The “Hidden Benefits” Of Outsourcing

Any CEO or MD will tell you how important it is to monitor the state of your project pipeline. You need the ability to consider future requirements in order to adequately allocate your resources, however even the most rigorous of planners can be caught by surprise.

Here at Zircon we frequently witness companies that have always managed internally suddenly find themselves struggling under the strain of an increased workload, or unexpectedly presented with a problem that they do not have the capacity to solve. From our experiences we have noticed that when companies find themselves in these situations there are a number of potential solutions:

  1. Increase the internal team through the recruitment of permanent members of staff
  2. Recruit a number of independent contractors to solve the problem or manage the increase in demand
  3. Outsource responsibility of certain elements or projects to another company, either offshore or within the same country

Whilst researching into this topic the overwhelming consensus appeared to be that localised outsourcing was by far the least popular solution for a lot of companies. As you would expect from a software development company we have some views on this topic and would like to counter some of the arguments used against outsourcing.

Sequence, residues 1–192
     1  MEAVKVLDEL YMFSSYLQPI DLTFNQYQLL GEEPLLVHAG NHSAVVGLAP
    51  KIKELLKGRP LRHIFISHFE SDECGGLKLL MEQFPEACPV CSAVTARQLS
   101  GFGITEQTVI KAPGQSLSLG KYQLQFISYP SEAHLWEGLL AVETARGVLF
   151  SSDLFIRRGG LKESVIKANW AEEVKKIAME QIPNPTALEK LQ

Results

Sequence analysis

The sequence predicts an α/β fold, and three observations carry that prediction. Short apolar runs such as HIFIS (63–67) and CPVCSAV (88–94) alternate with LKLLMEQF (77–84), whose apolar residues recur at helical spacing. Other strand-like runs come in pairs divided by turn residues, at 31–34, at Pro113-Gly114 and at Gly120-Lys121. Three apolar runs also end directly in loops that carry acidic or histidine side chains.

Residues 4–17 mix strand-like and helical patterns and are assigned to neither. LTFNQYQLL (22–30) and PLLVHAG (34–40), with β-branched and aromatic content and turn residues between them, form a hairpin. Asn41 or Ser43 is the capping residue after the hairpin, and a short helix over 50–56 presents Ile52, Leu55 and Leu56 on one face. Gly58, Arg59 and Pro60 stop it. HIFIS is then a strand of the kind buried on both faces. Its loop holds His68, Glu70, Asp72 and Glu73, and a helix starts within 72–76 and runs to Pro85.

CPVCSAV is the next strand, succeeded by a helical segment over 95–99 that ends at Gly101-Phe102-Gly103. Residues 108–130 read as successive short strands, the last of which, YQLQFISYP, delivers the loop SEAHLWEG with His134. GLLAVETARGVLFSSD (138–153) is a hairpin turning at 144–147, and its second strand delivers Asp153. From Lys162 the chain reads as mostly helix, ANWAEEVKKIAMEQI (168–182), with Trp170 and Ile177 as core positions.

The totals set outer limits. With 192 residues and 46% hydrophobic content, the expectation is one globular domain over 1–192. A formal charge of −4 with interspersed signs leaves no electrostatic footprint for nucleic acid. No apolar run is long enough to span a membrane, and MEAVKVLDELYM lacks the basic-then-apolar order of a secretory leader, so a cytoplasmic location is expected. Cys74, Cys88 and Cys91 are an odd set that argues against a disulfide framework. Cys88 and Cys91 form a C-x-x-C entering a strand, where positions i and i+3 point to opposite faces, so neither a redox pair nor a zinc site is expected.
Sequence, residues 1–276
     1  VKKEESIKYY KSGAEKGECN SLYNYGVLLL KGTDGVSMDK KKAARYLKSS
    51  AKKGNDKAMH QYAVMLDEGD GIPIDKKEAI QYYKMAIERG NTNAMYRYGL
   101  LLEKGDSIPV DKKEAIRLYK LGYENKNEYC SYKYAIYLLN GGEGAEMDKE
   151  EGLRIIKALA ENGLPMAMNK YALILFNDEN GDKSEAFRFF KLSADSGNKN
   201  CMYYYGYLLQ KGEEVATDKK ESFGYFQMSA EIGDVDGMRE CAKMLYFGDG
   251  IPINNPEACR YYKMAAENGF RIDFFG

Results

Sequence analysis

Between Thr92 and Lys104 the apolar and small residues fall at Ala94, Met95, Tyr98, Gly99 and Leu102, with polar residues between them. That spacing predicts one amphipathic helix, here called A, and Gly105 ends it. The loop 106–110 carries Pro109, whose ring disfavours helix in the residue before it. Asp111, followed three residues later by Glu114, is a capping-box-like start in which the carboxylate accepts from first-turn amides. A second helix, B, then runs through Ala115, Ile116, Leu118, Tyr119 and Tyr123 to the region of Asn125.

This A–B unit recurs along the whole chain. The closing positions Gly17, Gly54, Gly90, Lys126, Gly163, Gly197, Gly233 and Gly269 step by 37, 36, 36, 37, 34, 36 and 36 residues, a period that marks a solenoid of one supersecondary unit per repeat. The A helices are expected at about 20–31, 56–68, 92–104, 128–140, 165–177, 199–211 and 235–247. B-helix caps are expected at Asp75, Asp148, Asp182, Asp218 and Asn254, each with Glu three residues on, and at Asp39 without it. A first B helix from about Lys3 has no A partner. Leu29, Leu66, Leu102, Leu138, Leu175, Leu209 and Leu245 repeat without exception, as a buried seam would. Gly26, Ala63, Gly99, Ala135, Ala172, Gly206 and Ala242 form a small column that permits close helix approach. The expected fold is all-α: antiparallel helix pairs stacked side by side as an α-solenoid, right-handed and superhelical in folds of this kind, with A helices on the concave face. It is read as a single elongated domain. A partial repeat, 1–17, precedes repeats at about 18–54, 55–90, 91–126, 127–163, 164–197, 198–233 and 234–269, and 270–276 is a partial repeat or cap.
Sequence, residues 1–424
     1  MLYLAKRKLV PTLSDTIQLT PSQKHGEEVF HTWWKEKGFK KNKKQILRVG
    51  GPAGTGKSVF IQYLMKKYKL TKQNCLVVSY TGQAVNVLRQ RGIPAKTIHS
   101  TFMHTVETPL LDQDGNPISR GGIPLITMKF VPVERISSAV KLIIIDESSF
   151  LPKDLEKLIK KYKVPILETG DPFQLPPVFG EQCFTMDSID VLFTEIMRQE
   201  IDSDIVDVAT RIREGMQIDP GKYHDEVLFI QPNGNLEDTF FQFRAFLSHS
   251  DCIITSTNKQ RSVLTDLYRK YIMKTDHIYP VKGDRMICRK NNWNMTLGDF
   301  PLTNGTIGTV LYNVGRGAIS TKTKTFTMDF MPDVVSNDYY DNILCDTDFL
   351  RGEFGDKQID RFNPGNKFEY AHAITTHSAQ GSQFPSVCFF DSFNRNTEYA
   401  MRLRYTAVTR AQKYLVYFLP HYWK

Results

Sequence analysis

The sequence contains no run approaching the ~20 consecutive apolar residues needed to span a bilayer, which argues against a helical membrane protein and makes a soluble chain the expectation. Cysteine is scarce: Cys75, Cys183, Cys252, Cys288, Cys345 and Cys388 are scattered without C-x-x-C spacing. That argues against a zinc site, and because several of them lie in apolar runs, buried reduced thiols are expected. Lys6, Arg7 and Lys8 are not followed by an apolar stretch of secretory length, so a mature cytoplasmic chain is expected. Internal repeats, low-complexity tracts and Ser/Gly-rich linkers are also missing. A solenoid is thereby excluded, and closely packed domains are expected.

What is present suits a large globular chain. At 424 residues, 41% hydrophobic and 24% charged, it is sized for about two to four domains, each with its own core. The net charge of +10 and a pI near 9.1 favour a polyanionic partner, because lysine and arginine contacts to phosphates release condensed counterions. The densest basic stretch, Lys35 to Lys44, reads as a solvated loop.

First things first, let’s get the financial argument out of the way. If you go by the headline day rate alone, outsourcing will almost certainly give you cause for pause, but one should also stop to consider the potential ‘hidden’ costs such as;

  • The initial recruitment costs required to add members of staff to your team
  • The ongoing cost of permanent employee payroll and miscellaneous benefits i.e. sick pay and pension contributions
  • The management overheads
  • The possibility of reworking low quality code produced by offshore teams

When you take each of these points into account the cost differential begins to become less of a factor, but the frequently ignored additional benefits also remain.

Should you decide to head down the path of recruiting contractors you should be cautious of IR35, and the potential repercussions should you be found in breach of its terms. IR35 is an anti-avoidance tax legislation implemented to combat income tax and National Insurance Contributions avoidance by workers supplying their services to companies via an intermediary, but would otherwise be engaged as a permanent employee were the intermediary not used. Companies found in breach of this legislation are required to provide the employer contributions that would have arisen during a ‘contractors’ term of employment, and will be expected to continue doing so should the contractor turned employee remain with the company.

A further downside to recruiting independent contractors is the fact that their employment is only temporary. When a contractor leaves they take their knowledge with them, and if not documented correctly it is easy for knowledge to go missing. You are also faced with the fact that a contractor will not wait around until you require their services again, there is no guarantee that they will be available as and when you need them. Outsourcing to another company can essentially eliminate these risks. With ready access to a team of people, with the capacity to share knowledge and train other team members, should one engineer become unavailable there will already be another capable of filling this space.